View Single Post
Old May 6th, 2011, 10:29 PM   #5
Ken Roach
Lifetime Supporting Member + Moderator
United States

Ken Roach is offline
Ken Roach's Avatar
Join Date: Apr 2002
Location: Seattle, WA
Posts: 14,184
What I would consider an "approved" redundant PLC system is one that is "advertised, marketed, and intended by the vendor to function as a Redundant controller and network system", but maybe I'm putting words in the OP's mouth.

Just having a redundant controller doesn't make your control system "approved" for a specific application by any controlling or regulating authority.

If you need a specific Safety Integrity Level (SIL) to satisfy an insurance requirement, you have to follow ISA S84.1 or the IEC 61508 standard or other standard for your industry and application.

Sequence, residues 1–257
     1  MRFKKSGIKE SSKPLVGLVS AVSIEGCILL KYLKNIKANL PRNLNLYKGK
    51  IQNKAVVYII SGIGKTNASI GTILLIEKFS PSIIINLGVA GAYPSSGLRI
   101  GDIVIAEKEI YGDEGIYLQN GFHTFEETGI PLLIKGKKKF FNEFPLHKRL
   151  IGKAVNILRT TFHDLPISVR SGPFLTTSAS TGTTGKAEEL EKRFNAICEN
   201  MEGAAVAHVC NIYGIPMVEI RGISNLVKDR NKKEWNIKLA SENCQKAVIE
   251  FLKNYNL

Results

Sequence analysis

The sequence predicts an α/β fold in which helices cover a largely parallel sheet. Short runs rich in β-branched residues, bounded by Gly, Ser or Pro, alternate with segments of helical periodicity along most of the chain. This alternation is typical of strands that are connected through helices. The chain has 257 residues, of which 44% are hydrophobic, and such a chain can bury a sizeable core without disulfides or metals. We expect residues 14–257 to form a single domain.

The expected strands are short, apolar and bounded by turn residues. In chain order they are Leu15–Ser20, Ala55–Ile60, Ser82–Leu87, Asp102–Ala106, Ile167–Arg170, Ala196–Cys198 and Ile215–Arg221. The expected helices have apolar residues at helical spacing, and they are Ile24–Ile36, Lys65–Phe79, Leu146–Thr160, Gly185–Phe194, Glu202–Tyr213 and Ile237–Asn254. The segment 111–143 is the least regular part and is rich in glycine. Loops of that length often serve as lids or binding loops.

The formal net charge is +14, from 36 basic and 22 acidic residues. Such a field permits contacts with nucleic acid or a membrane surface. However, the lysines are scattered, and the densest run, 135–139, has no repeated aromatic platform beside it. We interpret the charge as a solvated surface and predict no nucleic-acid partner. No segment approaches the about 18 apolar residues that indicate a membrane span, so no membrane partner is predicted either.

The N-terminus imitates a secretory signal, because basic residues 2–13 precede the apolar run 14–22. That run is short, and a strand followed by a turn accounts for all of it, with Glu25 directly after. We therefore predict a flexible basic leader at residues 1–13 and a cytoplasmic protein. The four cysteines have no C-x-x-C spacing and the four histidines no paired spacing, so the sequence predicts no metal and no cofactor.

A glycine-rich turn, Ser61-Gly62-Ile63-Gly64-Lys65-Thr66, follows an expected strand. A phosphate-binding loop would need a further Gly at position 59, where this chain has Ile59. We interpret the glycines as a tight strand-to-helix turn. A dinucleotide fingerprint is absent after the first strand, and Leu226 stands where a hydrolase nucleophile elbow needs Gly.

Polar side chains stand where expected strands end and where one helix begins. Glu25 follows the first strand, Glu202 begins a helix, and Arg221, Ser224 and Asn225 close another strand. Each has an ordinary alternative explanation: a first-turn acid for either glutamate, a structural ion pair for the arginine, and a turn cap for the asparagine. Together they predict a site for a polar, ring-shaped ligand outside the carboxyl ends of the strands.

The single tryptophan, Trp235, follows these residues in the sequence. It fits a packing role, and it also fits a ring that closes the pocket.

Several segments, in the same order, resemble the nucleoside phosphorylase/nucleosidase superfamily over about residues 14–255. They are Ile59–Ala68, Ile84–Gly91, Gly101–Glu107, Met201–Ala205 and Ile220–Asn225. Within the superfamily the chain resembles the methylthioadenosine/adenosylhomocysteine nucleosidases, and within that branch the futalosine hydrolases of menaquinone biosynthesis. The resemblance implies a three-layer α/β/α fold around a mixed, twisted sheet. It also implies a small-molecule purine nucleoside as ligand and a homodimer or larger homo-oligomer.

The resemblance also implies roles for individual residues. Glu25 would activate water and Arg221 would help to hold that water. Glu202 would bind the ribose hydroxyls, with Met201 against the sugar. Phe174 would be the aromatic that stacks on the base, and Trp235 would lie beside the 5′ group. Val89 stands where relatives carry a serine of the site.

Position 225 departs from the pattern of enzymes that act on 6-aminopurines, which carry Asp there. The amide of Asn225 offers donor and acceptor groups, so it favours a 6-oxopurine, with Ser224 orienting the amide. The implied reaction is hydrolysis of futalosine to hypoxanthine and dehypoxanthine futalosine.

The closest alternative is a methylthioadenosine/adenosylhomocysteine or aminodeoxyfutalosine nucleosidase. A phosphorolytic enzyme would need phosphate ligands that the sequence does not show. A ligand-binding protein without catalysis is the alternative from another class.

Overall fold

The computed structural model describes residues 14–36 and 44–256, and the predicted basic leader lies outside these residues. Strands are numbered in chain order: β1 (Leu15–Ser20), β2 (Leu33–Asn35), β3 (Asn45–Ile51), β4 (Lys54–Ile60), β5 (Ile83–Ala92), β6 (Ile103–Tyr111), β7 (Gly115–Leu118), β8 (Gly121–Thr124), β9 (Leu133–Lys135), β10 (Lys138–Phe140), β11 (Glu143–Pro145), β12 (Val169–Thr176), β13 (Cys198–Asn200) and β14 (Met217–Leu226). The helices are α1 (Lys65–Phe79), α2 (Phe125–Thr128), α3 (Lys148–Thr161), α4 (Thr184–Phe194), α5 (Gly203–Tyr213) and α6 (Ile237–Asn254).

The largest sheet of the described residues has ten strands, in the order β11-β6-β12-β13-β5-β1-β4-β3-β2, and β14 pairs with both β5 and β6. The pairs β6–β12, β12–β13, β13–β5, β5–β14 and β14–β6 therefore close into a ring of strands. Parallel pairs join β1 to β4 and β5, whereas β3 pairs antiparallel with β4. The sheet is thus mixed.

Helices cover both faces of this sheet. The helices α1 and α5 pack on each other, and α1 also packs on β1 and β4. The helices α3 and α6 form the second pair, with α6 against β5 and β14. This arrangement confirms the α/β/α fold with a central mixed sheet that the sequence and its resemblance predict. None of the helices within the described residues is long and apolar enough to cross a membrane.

In my experience, most projects that lack the budget for purpose-built redundant controllers also lack the budget or manpower for careful design and testing. I've certainly seen some good "homemade" backup systems but all of them cost more in engineering time than a purpose-built redundant controller would. I've only seen one of them used more than once, by a switchgear manufacturer who put a lot of time into planning and testing. Even they didn't advertise the control system as "redundant", but rather "fault resistant".

I've been working with a ControlLogix redundancy system for the past month and the presence of the redundant controllers and redundant ControlNet network is mostly invisible to us. The parts we spend time on are the double I/O and the voting inputs.
  Reply With Quote